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Hundreds of Beduin who drove to the Knesset from across the country were infuriated on Wednesday when few government representatives attended a special day for the rights of the Beduin in Israel.
Interior Minister Ze'ev Boim (Kadima) canceled his appearance at the Knesset Committee on the Interior and Environment at the last moment, prompting Beduin leaders there to question how the government hoped to help the community when it refused to attend joint meetings.
"We don't have an explanation for why no one from the Interior Ministry came, but this is not the way to work through the issues on the table," said committee Chairman MK Ophir Paz-Pines (Labor).
The dozens of Beduin leaders who had attended the panel's discussion on the issues facing unrecognized Beduin villages said that the lack of government interest typified the problems they faced.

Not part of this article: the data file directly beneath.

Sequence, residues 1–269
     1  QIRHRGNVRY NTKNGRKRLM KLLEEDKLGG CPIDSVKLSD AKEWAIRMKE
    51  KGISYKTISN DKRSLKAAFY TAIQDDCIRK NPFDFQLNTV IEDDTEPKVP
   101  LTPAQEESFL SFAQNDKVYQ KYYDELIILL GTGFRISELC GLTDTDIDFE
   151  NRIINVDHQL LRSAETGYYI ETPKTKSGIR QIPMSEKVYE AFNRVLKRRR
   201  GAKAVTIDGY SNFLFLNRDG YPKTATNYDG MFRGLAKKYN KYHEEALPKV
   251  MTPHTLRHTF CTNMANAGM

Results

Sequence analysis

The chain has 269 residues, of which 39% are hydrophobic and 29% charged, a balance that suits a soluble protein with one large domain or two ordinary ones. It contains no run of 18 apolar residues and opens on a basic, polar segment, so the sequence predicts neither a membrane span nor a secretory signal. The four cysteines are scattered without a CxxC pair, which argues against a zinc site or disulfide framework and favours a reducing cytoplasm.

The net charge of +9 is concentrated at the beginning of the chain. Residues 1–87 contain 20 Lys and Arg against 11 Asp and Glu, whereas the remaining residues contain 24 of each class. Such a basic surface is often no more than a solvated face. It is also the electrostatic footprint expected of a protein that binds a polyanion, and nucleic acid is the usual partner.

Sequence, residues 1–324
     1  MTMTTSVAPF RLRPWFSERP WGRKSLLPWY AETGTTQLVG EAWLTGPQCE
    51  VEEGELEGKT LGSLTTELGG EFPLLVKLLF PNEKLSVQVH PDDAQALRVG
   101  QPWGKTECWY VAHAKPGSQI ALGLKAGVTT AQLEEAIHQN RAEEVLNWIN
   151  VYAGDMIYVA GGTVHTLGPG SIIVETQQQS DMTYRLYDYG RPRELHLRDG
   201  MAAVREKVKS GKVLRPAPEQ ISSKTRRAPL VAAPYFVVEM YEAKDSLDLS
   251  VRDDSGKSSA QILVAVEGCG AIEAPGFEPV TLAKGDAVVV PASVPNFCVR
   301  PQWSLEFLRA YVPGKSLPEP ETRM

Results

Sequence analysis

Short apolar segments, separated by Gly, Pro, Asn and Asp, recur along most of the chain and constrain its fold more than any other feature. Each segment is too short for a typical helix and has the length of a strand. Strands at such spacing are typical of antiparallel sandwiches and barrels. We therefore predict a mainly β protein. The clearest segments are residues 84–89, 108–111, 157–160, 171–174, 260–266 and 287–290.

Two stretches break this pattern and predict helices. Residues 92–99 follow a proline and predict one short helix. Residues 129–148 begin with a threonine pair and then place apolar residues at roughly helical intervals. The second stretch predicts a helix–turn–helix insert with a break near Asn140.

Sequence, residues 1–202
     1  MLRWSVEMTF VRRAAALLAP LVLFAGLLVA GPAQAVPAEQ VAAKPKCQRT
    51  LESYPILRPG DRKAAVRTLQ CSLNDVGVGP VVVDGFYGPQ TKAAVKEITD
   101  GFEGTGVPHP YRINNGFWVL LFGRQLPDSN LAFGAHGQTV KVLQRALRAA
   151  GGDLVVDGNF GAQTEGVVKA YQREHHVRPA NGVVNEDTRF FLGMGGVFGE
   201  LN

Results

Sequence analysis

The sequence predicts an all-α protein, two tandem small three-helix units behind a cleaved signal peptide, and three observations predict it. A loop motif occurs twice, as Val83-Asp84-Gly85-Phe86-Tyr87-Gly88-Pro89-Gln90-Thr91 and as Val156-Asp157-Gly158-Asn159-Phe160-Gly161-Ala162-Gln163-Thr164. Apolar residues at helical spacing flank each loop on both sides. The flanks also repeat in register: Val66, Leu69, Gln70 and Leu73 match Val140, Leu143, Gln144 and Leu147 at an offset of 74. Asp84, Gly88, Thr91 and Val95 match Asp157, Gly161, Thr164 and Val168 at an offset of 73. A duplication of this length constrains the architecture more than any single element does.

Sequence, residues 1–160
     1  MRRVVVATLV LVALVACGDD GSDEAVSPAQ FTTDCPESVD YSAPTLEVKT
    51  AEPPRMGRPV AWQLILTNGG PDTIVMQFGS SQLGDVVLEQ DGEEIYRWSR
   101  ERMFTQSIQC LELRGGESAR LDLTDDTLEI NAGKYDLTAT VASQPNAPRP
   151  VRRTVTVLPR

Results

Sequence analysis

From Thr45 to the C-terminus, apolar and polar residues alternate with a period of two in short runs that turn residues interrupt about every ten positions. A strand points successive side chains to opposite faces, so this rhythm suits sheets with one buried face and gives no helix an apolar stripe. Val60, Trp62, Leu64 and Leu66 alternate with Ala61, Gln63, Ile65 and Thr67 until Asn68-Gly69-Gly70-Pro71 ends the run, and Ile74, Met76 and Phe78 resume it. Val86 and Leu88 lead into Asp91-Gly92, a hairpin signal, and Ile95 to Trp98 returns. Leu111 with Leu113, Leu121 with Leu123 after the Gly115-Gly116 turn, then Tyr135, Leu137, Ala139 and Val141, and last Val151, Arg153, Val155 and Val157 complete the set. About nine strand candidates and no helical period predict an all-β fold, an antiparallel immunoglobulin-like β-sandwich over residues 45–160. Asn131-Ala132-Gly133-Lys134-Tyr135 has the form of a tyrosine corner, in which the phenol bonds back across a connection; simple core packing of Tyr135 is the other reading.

Later, the plenum had barely a dozen MKs in their seats as the discussion began. The rafters, however, were filled with several hundred Beduin.
"If we could drive here from the South, some of us driving four hours to get here, why couldn't the government make the minimal effort to arrive?" asked Ahmad Abu Sullim, who lives in an unrecognized village near Rahat.
Only late in the afternoon, during a ceremony held by Knesset Speaker Dalia Itzik and attended by Prime Minister Ehud Olmert, both of Kadima, did government representatives speak with the Beduin.
The Citizens' Accord Forum presented the Knesset with a series of recommended changes on how welfare funds are allocated to Arab local councils.
The forum recommended that the Welfare and Social Affairs Ministry increase its funding to the more needy councils, while allowing those communities to pay lower municipal taxes.
Many Beduin councils are deeply in debt and cannot pay the 25 percent share required for the Welfare Ministry to fund benefits for their residents, the forum said. It recommended that the government provide grants to local councils and arrange job training programs.
Opposition leader MK Binyamin Netanyahu (Likud) also called for new business programs to be launched for the Beduin community, saying that until incentives were provided, the communities could not hope to improve their economic situations.
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